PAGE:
The rest of this article is only available to active members of Questia

Already a member? Log in now.

Notes for this article

Add a new note
If you are trying to select text to create highlights or citations, remember that you must now click or tap on the first word, and then click or tap on the last word.
One moment ...
Default project is now your active project.
Project items
Notes
Cite this article

Cited article

Style
Citations are available only to our active members.
Buy instant access to cite pages or passages in MLA 8, MLA 7, APA and Chicago citation styles.

(Einhorn, 1992, p. 25)

(Einhorn 25)

(Einhorn 25)

1. Lois J. Einhorn, Abraham Lincoln, the Orator: Penetrating the Lincoln Legend (Westport, CT: Greenwood Press, 1992), 25, http://www.questia.com/read/27419298.

Note: primary sources have slightly different requirements for citation. Please see these guidelines for more information.

Cited article

The Concept of Control in Consolidated Financial Statements: Convergence of U.S. and International Accounting Rules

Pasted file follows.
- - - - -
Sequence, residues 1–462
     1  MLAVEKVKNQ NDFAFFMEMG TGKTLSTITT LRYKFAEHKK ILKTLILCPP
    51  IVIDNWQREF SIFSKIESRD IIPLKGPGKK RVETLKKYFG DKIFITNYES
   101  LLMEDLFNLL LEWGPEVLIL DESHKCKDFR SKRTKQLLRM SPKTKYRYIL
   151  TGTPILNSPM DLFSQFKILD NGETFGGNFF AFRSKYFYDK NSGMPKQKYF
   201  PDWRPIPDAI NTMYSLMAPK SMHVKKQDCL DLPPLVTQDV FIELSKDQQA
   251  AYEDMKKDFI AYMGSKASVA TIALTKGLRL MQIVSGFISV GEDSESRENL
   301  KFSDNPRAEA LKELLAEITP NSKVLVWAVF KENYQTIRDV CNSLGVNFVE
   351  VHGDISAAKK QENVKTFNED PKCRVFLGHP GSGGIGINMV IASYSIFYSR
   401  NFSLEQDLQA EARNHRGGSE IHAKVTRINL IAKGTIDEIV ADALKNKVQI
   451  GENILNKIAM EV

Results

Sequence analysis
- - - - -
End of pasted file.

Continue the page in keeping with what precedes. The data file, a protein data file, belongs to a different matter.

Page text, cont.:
Settings

Settings

Typeface
Text size Smaller Larger Reset View mode
Search within

Search within this article

Look up

Look up a word

  • Dictionary
  • Thesaurus
Please submit a word or phrase above.
Print this page

Print this page

Why can't I print more than one page at a time?

Help
Full screen
Items saved from this article
  • Highlights & Notes
  • Citations
Some of your highlights are legacy items.

Highlights saved before July 30, 2012 will not be displayed on their respective source pages.

You can easily re-create the highlights by opening the book page or article, selecting the text, and clicking “Highlight.”

matching results for page

    Questia reader help

    How to highlight and cite specific passages

    1. Click or tap the first word you want to select.
    2. Click or tap the last word you want to select, and you’ll see everything in between get selected.